entry into buildings. According to their results, the US EPA stated
that the radon flux into the premises is a advective nature and
the radon safety of the building can be guaranteed only if the
technology of active soil depressurization (ASD) is used. However,
the position on the diffusion entry insignificance is not generally
accepted even among American researchers. [7-8]. The opposite
approach implies that buildings radon safety in most cases can
be ensured through competent design of horizontal underground
walling. Therefore, it is of practical interest to assess the
contributions of diffusion and advection to the radon transport
from the soil into the building.
In Figure 1 shows the ratio of the diffusive and advective
radon fluxes densities depending on the air permeability of the
transport medium. The radon diffusion coefficient was taken to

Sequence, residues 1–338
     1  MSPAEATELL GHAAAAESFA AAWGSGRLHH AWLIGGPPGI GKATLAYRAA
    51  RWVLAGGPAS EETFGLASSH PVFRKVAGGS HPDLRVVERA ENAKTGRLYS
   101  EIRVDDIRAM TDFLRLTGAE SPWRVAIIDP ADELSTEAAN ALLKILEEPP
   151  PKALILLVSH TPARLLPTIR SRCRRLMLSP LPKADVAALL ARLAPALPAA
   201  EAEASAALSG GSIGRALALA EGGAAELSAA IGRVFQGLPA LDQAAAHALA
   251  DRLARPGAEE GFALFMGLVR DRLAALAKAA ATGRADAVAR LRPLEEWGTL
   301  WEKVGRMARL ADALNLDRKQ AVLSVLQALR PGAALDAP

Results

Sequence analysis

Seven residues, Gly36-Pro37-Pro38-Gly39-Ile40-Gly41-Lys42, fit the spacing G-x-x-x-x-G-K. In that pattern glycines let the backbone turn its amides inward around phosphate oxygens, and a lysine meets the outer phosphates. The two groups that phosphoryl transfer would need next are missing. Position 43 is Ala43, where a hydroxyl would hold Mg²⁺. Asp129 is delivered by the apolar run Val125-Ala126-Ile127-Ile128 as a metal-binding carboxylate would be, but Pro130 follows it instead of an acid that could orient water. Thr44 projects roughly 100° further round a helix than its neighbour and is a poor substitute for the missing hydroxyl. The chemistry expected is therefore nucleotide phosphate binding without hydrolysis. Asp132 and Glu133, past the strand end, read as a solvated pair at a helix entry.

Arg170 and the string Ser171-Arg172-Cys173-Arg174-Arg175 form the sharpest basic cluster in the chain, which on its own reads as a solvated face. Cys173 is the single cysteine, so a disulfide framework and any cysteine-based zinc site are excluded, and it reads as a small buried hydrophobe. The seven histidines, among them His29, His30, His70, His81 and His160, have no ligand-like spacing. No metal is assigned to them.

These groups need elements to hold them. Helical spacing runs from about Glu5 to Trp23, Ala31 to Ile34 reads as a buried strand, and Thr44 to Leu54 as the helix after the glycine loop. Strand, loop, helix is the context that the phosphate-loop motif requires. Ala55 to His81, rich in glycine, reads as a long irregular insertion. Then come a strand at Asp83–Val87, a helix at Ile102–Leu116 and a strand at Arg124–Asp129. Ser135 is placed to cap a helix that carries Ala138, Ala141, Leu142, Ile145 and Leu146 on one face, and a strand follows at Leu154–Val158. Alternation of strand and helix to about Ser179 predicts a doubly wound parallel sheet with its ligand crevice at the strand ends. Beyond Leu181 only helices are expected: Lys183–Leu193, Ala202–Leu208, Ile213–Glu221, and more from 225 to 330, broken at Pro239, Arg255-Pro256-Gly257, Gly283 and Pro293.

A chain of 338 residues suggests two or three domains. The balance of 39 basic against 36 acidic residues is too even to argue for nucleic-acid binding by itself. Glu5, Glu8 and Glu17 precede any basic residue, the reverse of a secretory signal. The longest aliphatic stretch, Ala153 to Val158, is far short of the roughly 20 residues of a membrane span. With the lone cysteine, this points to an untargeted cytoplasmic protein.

be Då = 1.0·10-6 m2/s, and the calculation of the advective flux
density was carried out for the pressure gradient value Ð
1.0 Pa/m. The radon concentration in soil air Атах calculated by the
where CRa is the specific radium activity in soil, Bq/kg; ρg =
2,700 kg/m3 is the density soil grains; ke is the coefficient of radon
emanation; ε = 0.2…0.5 is the porosity.
For the world average value of the specific radium activity
in the soil CRa = 30 Bq/kg, with coefficient of radon emanation
ke = 0.3 and porosity ε = 0.4 the radon concentration in soil air
equaled Àmax = 36,500 Bq/m3. As shown in Figure 1, the advective
flow begins to play a significant role in radon entry into the
building at base permeabilities (3…5)·10-12 m2 and becomes
dominant at permeabilities (3…5)·10-11 m2. Therefore, a main
requirement for ensuring the radon safety of the lower floor
premises is the absence of advective radon transport from the soil.
This requirement is met when the air permeability of the floor
structure is less than 10-12 m2.